Quantum Mechanics for Engineers 

© Leon van Dommelen 

D.31 Integral Schrödinger equation
In this note, the integral Schrödinger equation is derived from the
partial differential equation version.
First the timeindependent Schrödinger equation is rewritten
in the form

(D.16) 
The left equation is known as the “Helmholtz equation.”
The Helmholtz equation is not at all specific to quantum mechanics.
In general it describes basic wave propagation at a frequency related
to the value of the constant . The right hand side
describes the amount of wave motion that is created at a given
location. Quantum mechanics is somewhat weird in that involves
the unknown wave function that you want to find. In simpler
applications, is a given function.
The general solution to the Helmholtz equation can be written as

(D.17) 
Here is any solution of the homogeneous Helmholtz
equation, the equation without .
To see why this is the solution of the Helmholtz equation requires a
bit of work. First consider the solution of the Helmholtz equation
for the special case that is a delta function at the origin:
The solution to this problem is called the “Green’s
function of the Helmholtz equation.
The Green’s function can be found relatively easily. Away from
the origin is a solution of the homogeneous Helmholtz equation,
because the delta function is everywhere zero except at the origin.
In terms of quantum mechanics, the homogeneous Helmholtz equation
means a particle in free space, 0. Possible solutions for
are then spherical harmonics times spherical Hankel functions of
the first and second kinds, {A.6}. However, Hankel
functions of the first kind are preferred for physical reasons; they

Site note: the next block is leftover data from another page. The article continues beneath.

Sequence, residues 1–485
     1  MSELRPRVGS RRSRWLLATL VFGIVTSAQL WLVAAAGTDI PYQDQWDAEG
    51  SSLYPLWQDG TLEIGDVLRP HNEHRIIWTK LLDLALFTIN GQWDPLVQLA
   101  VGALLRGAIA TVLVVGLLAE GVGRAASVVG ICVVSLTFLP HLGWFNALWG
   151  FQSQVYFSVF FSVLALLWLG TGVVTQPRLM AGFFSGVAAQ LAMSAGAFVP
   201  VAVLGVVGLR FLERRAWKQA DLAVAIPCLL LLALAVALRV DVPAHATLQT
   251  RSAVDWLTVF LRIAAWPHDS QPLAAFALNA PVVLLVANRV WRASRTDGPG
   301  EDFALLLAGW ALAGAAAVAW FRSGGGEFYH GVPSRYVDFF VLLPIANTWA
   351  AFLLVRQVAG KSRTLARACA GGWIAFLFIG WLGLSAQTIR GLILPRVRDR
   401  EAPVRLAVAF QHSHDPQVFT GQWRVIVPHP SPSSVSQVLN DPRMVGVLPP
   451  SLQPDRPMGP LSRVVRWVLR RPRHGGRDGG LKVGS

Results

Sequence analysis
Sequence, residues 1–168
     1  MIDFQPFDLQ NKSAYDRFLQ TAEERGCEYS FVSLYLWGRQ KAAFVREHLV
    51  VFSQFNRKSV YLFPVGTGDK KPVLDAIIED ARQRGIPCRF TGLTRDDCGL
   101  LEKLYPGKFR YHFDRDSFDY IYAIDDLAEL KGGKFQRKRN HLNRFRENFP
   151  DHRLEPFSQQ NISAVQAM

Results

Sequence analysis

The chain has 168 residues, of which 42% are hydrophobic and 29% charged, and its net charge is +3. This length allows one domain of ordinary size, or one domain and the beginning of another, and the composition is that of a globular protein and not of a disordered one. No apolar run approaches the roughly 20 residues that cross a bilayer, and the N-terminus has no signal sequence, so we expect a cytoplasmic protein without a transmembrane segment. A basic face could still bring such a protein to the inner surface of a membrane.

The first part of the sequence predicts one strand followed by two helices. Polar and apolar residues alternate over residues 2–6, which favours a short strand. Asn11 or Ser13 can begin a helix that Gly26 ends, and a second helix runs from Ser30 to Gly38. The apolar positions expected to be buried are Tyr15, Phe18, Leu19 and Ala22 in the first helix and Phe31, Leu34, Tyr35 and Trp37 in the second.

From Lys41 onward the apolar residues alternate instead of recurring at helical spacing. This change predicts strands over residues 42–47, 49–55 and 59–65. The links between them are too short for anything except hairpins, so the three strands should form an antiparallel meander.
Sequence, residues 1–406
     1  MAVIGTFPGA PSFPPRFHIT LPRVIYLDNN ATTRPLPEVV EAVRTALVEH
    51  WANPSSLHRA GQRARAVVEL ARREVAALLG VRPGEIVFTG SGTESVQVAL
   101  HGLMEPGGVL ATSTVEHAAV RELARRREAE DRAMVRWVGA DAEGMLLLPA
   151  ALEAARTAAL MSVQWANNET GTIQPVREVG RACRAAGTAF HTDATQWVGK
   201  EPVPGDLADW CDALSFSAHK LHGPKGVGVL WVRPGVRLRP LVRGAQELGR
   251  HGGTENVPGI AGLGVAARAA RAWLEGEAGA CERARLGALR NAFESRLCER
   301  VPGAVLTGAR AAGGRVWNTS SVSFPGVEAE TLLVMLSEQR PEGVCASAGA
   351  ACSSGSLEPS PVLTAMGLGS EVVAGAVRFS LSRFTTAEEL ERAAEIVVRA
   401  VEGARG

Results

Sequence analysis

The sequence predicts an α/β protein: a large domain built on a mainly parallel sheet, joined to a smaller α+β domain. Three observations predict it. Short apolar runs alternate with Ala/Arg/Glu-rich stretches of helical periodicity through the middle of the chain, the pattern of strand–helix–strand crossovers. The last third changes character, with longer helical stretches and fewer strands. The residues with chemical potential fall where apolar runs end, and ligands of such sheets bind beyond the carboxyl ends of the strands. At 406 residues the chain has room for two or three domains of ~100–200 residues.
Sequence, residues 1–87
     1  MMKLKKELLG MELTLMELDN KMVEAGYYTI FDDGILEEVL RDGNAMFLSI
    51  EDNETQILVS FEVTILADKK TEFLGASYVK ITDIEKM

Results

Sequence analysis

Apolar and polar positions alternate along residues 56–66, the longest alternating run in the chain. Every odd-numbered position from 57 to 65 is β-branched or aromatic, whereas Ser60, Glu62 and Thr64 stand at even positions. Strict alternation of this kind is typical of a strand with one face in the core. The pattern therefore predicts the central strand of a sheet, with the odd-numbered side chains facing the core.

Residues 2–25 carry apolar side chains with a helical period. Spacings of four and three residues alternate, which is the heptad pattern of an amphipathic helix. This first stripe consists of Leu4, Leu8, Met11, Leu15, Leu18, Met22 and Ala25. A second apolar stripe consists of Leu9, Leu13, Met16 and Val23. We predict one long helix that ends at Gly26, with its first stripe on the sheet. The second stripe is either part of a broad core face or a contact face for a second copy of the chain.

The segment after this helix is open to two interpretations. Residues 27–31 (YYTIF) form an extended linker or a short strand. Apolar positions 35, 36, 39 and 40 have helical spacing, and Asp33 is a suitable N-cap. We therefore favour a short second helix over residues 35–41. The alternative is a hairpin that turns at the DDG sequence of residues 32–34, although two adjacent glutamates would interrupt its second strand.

describe waves that propagate away from the region of wave generation
to infinity. Hankel functions of the second kind describe waves that
come in from infinity. Incoming waves, if any, are usually much more
conveniently described using the homogeneous solution .
Further, since the problem for is spherically symmetric, the
solution should not depend on the angular location. The spherical
harmonic must be the constant . That makes the correct
solution a multiple of the spherical Hankel function
, which means proportional to
. You can easily check by direct substitution
that this does indeed satisfy the homogeneous Helmholtz equation away
from the origin in spherical coordinates.
To get the correct constant of proportionality, integrate the
Helmholtz equation for above over a small sphere around the
origin. In the right hand side use the fact that the integral of a
delta function is by definition equal to 1. In the left hand side,
use the divergence theorem to avoid having to try to integrate the
singular second order derivatives of at the origin. That shows
that the complete Green’s function is
(You might worry about the mathematical justification for these
manipulations. Singular functions like are not proper solutions
of partial differential equations. However, the real objective is to
find the limiting solution when a slightly smoothed delta function
becomes truly singular. The described manipulations are justified in
this limiting process.)
The next step is to solve the Helmholtz equation for an arbitrary
right hand side , rather than a delta function. To do so,
imagine the region subdivided into infinitely many infinitesimal
volume elements . In each volume element,
approximate the function by a delta function spike
. Such a spike integrates
to the same value as does over the volume element. Each spike
produces a solution given by
Integrate over all volume elements to get the solution of the
Helmholtz equation (D.17). Substitute in what is for
the Schrödinger equation to get the integral Schrödinger equation.